Reply to Comment
          • Piotr Berman

            Kolumn9 gloats that Israel immediately broke all terms of the truce, proving once more that it is utterly untrustworthy.

            IDF is shooting civilians for the crime of walking on their own soil, maintaining blockade, indeed, against the truce terms, arresting fishermen, ditto. But the constitutional crisis in Egypt is ending, and Israel may rue its easy victories and treachery.

            Reply to Comment
          • Kolumn9

            Nonsense. All the crap that Hamas put out when they declared victory is nowhere to be found in the document that was signed. People are shot when they try to breach the border.

            Egypt is a basketcase. They can barely afford food for their people. A constitution doesn’t change this reality.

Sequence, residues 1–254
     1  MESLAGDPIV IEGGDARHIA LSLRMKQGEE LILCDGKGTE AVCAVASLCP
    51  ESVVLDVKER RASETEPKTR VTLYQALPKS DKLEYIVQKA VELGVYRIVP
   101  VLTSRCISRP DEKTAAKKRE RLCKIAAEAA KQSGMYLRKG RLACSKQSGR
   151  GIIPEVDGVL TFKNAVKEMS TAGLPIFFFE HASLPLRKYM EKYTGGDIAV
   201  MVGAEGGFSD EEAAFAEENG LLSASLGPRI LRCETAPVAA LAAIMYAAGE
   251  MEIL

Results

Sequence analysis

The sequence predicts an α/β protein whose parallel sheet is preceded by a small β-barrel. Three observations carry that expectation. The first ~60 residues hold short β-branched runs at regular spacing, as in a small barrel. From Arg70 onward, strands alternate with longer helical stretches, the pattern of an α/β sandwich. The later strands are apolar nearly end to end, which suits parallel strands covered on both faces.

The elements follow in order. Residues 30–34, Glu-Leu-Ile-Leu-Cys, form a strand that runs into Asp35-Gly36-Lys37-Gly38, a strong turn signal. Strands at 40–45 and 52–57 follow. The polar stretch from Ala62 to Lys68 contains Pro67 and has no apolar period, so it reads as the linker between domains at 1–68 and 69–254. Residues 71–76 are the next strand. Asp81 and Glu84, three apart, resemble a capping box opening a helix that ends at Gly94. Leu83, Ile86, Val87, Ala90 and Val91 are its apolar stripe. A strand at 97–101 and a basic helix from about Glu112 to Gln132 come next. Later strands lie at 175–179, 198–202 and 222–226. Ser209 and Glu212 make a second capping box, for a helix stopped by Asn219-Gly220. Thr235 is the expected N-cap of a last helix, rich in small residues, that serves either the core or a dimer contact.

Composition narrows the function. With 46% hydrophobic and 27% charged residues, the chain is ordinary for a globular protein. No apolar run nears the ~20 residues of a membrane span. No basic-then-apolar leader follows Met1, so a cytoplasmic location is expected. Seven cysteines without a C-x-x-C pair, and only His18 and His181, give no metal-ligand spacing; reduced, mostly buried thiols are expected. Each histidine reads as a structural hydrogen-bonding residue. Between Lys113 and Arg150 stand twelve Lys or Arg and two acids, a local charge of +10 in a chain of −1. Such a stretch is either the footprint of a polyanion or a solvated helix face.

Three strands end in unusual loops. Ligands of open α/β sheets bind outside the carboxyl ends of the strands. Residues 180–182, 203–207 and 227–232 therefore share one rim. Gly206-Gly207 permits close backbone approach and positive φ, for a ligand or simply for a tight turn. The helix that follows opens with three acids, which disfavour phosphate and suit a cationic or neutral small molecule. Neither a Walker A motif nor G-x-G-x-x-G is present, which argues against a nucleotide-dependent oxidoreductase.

Reply to Comment
    9. dino

      This incident is a peak of Israeli idiocy and probably the “head”behind this gangster style action is the hooligan Lieberman.The attack on the nave couldn’t bring a proof about bad intentions of any of the passagers save the intention to help humble people of gaza closed in the bigger jail of the world,a concentration camp where food comes through tunels.The idiotic action drove to the break of relation with Turkey .a country important in Israel policy ,if really exists something like this and not all is left on US automatic and inexplicable support.

      Reply to Comment
      • Piotr Berman

        I would say that Lieberman was definitely the cheerleader, pre-determining that the flotilla is “terrorist”, but the decision had to be Netanyahu’s, and detail of the execution — and executions — in the hands of Ehud Barak.

        Reply to Comment